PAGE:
Privacy Options Added to Prescription Monitoring Programs
“Prescription Drug Monitoring Programs have great potential to curtail opioid abuse, misuse, and diversion, and granting a variety of interested parties access to PDMP data may further that objective. However, the more entities that can review PDMP information the more important it becomes to develop standards for patient privacy.”
With that statement, members of the National Council of Insurance Legislators added enhancements to its model law to address opioids in the workers’ comp system. The expanded options seek a balanced approach to ensure data privacy.
A majority of states have adopted PDMPs as a way for health care providers to determine what medications their patients are taking. NCOIL last year adopted Best Practices to Address Opioid Abuse, Misuse and Diversion. It addresses how to establish, evaluate, and fund PDMPs that require real-time reporting; create strong evidence-based prescribing standards that recognize one-size-does-not-fit-all and that crack down on so-called “pill mill pain clinics”; promote education among physicians and the public; and encourage treatment and prevention.
NCOIL is comprised of state legislators whose main area of public policy interest is insurance legislation and regulation. At this year’s summer NCOIL meeting in Boston, members of the committees on Health, Long Term Care and Health Retirement Issues, and Workers’ Compensation Insurance unanimously adopted the enhancements to the best practices.
“As states contemplate what privacy options they wish to pursue, legislators should keep in mind that an assurance of confidentiality is crucial to a patient-physician relationship,” the enhancement stated. “Though courts around the country are divided as to whether state efforts to regulate controlled substances outweigh a need for patient privacy, legislators should consider whether it is appropriate to in some way limit what entities other than the physician have a right to know about a person’s medical conditions and treatment.”
The enhancement calls for safeguards to be clearly stated in statutes and regulations “to avoid confusion and to help empower state officials to take action as needed.”
The potential safeguards are:
- Making PDMP data confidential and excluding it from open records or public records laws.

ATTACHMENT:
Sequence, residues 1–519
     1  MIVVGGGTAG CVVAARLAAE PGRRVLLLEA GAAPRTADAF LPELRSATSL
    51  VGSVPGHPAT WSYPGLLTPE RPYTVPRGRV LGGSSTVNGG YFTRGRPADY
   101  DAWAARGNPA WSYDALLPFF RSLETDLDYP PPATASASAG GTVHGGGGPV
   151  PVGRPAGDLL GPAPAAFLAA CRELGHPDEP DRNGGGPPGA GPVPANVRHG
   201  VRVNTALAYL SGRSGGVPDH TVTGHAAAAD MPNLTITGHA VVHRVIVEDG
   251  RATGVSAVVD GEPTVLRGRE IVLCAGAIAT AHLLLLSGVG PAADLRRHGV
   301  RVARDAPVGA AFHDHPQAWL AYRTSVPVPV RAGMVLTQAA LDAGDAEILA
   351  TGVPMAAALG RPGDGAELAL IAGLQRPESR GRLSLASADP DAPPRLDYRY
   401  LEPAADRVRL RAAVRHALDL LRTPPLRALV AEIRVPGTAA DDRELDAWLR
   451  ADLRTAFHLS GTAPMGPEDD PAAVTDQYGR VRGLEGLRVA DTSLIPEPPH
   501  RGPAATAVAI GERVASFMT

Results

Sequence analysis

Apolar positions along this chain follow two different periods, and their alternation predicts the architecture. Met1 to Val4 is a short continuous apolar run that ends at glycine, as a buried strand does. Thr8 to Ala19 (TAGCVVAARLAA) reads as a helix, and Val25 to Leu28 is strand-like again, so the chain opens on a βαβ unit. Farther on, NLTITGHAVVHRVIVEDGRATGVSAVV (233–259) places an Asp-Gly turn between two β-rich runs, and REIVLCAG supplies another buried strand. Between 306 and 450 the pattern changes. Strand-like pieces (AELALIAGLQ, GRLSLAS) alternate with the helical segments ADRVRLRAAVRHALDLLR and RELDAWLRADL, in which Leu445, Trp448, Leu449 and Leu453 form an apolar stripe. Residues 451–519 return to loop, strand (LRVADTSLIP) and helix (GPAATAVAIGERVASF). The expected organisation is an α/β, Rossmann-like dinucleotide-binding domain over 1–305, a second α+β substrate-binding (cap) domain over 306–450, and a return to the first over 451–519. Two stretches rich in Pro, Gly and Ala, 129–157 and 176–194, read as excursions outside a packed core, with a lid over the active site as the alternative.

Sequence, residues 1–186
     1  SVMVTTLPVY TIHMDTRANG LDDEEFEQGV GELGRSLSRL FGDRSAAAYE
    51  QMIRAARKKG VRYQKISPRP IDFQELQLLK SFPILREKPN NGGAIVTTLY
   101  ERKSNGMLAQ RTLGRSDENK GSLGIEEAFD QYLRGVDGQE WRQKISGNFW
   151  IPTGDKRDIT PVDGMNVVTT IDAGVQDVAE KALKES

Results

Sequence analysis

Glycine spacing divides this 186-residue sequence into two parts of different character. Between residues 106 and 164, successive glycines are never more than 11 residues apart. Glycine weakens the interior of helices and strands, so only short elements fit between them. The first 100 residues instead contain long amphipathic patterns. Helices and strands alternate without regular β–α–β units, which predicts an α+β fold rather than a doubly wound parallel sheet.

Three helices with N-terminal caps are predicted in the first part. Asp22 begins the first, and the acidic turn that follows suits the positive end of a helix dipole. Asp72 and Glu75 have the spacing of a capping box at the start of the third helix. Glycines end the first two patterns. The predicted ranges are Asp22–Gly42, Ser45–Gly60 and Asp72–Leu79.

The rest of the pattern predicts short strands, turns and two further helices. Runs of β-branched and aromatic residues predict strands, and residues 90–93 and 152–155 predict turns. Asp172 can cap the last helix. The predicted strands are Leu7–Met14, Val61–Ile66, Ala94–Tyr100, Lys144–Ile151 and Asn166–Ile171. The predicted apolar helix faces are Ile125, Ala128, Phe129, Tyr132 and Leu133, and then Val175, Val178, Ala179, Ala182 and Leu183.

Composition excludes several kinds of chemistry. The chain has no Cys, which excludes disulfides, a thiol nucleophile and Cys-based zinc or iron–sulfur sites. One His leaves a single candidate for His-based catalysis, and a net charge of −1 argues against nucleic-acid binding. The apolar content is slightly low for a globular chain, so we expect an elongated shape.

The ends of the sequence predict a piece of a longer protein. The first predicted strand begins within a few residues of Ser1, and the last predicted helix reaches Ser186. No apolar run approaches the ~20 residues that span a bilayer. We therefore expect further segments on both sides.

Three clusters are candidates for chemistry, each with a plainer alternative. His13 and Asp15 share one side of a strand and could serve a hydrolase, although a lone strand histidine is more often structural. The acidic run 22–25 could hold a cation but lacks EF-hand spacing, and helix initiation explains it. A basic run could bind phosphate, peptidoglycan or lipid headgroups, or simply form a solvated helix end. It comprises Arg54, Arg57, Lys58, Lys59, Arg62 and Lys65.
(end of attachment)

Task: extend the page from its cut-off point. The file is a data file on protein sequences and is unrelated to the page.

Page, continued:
- Explicitly requiring PDMP administering agencies to adopt policies and procedures that reasonably assure that only those who are legally authorized to access the database actually do so.
- Imposing appropriate legal penalties and administrative sanctions such as actions against someone’s license for violations and ensuring that the penalties/sanctions are enforced.
- Specifying who is authorized to access the data and for what purpose.
- Implementing detailed authentication procedures to verify that a user is qualified to access the PDMP pursuant to state law.
Where’s Your Bottle of Painkillers?
Medical care providers inconsistently prescribe powerful – and highly addictive – narcotic painkillers across the country, according to a recent study by the federal Centers for Disease Control and Prevention (CDC) and data from Liberty Mutual Insurance.
This variation needlessly endangers patients, drives up workers compensation costs and may not provide a healing benefit to injured workers.
This is largely a problem that shouldn’t exist, since the American College of Occupational and Environmental Medicine (ACOEM) “Guidelines for the Chronic Use of Opioids” provide clear best medical practices for prescribing powerful narcotic painkillers — and advise that they be used only for select patients.
And yet the recent CDC study found tremendous variability in the rates of narcotic prescriptions between states.
For example, in 2012, health care providers in Tennessee wrote 143 pain killer prescriptions per 100 people, while doctors in California issued 57 prescriptions per 100 people.
Shockingly, health care providers across the U.S. wrote 259 million prescriptions for painkillers in 2012, enough for every adult American to have a bottle, according to the study.